We want to stay connected and creative with our community during these unprecedented times. 

Our first opportunity we are sharing is our Virtual Pop-Up. For the next few weeks, arts instructor Elisabeth Herrera is sharing virtual activities to keep you inspired. Follow along with each activity and share your creations with us on Instagram (@atlantacontemporary) with the hashtag #ACMAKES

We look forward to seeing everyone’s creations and continuing the excellent conversations we usually have in person in a digital space.

This week’s art making activity: Galaxy Painting Techniques

Charles Williams Comics

• Atlanta Contemporary’s 2020 retrospective of Charles Williams’ work includes an amazing collection of his hand drawn comics.
• Charles’ comics depict satirical aliens, unusual spacecrafts, and the Amazing Spectacular Captain Soul.
• Learn more about Charles Williams life and works on his exhibition page

    Exploring Painting Techniques

    • For this virtual pop-up art making activity we wanted to share some easy painting techniques for using watercolor or acrylic paints.
    • Consider these simple techniques and experiment with your own using supplies you have around your own house.
    • As with all of our virtual pop-ups, the intention is to get you thinking creatively. Focus on experimenting with the process, rather than focusing on the finished piece. We are excited to see how you make this artmaking activity your own. Share your creations with the tag: #ACMakes

    Click here to download the Charles Williams Galaxy activity sheet.

    Click here to watch a video of the processes used.

          Materials

          • Watercolor paint in galaxy colors (or acrylic with a little water mixed in to thin it out)
          • Paintbrush and water cup
          • Masking tape
          • Scissors or craft knife
          • White acrylic paint
          • Toothbrush
          • White crayon
          • Charles Williams activity page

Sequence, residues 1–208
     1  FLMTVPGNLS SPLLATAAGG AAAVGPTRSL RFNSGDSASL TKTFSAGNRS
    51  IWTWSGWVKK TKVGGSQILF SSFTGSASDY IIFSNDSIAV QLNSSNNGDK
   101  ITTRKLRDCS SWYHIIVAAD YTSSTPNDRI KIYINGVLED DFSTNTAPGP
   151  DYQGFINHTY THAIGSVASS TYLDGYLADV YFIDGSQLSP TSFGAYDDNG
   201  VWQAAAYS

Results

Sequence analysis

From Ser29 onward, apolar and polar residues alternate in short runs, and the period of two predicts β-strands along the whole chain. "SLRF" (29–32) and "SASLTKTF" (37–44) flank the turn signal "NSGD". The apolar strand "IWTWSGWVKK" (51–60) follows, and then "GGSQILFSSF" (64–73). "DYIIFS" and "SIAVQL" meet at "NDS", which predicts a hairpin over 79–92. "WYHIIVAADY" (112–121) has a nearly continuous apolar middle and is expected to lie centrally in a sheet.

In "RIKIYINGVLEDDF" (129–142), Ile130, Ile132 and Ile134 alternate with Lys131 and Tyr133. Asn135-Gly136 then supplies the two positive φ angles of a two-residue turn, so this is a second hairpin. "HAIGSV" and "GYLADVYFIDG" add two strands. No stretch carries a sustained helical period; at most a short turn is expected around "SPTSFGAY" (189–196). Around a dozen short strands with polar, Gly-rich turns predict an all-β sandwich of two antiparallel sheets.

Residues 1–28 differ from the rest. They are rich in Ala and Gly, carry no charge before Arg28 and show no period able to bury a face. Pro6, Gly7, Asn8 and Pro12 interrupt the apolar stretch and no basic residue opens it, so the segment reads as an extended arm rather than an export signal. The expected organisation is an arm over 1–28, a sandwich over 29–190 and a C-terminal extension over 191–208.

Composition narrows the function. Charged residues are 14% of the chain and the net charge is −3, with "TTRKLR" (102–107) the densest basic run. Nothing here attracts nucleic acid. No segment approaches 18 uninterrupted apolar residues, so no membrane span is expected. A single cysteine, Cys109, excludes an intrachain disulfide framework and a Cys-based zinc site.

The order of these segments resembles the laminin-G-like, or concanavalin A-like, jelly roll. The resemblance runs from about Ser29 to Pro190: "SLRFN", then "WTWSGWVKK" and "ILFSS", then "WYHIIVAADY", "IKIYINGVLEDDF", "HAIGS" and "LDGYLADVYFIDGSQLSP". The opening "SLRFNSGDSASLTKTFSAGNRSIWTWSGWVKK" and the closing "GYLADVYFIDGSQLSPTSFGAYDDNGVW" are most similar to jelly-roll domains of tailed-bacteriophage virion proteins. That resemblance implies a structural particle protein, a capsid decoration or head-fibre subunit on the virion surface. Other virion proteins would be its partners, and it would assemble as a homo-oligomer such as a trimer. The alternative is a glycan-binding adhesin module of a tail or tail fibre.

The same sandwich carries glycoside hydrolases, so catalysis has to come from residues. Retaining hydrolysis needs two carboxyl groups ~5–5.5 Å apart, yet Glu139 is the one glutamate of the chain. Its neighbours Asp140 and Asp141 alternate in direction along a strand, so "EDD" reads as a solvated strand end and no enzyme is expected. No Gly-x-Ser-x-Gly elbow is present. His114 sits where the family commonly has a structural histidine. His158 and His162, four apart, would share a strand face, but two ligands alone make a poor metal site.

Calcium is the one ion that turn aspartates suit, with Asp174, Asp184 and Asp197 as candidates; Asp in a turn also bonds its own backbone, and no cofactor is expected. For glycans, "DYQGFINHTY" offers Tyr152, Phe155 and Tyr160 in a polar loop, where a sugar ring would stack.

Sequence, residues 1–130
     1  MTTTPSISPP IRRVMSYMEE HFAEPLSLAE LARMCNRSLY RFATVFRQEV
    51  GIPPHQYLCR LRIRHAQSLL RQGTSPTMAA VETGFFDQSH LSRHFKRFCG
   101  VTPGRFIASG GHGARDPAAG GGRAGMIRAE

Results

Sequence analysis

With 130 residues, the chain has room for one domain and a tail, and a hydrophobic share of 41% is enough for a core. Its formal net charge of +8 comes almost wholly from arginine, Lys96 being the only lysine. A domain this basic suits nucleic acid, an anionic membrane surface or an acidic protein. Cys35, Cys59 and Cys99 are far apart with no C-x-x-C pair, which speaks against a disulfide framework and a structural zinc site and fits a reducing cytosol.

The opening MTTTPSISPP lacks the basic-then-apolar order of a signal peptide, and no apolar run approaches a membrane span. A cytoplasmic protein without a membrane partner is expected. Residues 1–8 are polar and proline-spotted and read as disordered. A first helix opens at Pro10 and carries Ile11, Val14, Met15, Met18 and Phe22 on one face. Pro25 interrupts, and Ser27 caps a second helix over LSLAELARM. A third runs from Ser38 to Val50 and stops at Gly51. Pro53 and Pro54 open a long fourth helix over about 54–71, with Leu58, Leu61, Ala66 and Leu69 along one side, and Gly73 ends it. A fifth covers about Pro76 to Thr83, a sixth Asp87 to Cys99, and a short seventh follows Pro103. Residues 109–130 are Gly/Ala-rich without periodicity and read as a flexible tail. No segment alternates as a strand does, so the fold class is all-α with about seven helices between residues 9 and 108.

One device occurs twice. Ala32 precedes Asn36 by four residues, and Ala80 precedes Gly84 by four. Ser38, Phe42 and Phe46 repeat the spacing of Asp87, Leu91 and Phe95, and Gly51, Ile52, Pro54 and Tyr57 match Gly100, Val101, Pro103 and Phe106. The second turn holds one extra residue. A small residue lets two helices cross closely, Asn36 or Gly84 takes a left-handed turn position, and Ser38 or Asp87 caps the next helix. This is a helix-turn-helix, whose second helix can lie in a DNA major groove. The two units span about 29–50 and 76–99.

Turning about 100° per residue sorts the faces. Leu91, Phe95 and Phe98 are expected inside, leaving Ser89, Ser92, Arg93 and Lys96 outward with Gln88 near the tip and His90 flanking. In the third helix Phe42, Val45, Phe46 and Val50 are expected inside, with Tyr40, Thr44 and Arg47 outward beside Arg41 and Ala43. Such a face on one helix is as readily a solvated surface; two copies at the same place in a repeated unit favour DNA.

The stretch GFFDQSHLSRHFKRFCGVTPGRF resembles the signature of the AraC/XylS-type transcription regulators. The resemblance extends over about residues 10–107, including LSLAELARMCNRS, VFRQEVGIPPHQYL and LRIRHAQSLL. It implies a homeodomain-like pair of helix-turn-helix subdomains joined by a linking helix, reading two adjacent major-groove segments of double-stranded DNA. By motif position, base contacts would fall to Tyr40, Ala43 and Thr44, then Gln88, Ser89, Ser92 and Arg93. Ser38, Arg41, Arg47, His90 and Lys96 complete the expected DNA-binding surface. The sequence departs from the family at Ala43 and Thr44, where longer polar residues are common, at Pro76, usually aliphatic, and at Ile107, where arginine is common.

Technique 1: Masking

              • Have you wondered why they call it masking tape? The tape is used to mask, or cover up, areas of your work to prevent paint in a desired area.
              • Use the craft knife or scissors to carefully cut the tape to the size of the area you would like to mask.

                Technique 2: Wax Resist

                • Remember this elementary school favorite? A standard wax crayon will resist, repel water-based paints, leaving the paper underneath exposed.
                • This technique is great because it is safe and easy for all ages and skill levels to explore.

                Technique 3: Splatter Paint

                • There are many interesting techniques, utilizing a wide variety of tools, for creating splattering paint markings in works of art.
                • When working indoors or in a small workspace we’ve found that using a toothbrush yields reliable splatters while keeping the mess to a minimum.
                • Apply a small amount of paint to a paper plate, rub bristles in the paint, and use your thumb to flick paint off of your brush and onto your work surface.

                ** Acrylics or other medium body paints work very well for splatter painting.

                    Share your creations!

                    • We encourage you to share your works by using the tag #ACMakes on social media.

                    • Share what inspired your work or process to help inspire others.

                    • In need of inspiration? Check out our amazing digital archive and share the works that inspire you.

                        Vocabulary

                        • Masking: using tape, or other adhesive material, to resist paint leaving the paper underneath exposed.
                        • Wax resist: using waxy media, such as a crayon, to repel paint leaving the paper underneath exposed.
                        • Splatter paint: using a tool to flick splatters of paint onto a work.

                          Bio

                          Elisabeth Herrera-Very

                          Elisabeth Herrera-Very is an art educator working in Atlanta. After nearly a decade as a public school visual arts teacher she shifted her focus to community engagement and museum education. As a teaching artist she develops programming that provides inclusive, thoughtful, and relevant art experiences for all participants. Her programming at Atlanta Contemporary encourages patrons of all ages to explore their own creative process through contemporary art making practices and thematic instruction.

                          Location

                          Share your creations with us! Tag us on Facebook or Instagram @atlantacontemporary and use the hashtag #ACMAKES.

                          Click here to download the Charles Williams Galaxy activity sheet.

                          Click here to watch a video of the processes used.


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                          We encourage you to share your images using #atlantacontemporary. Read our full photography policy.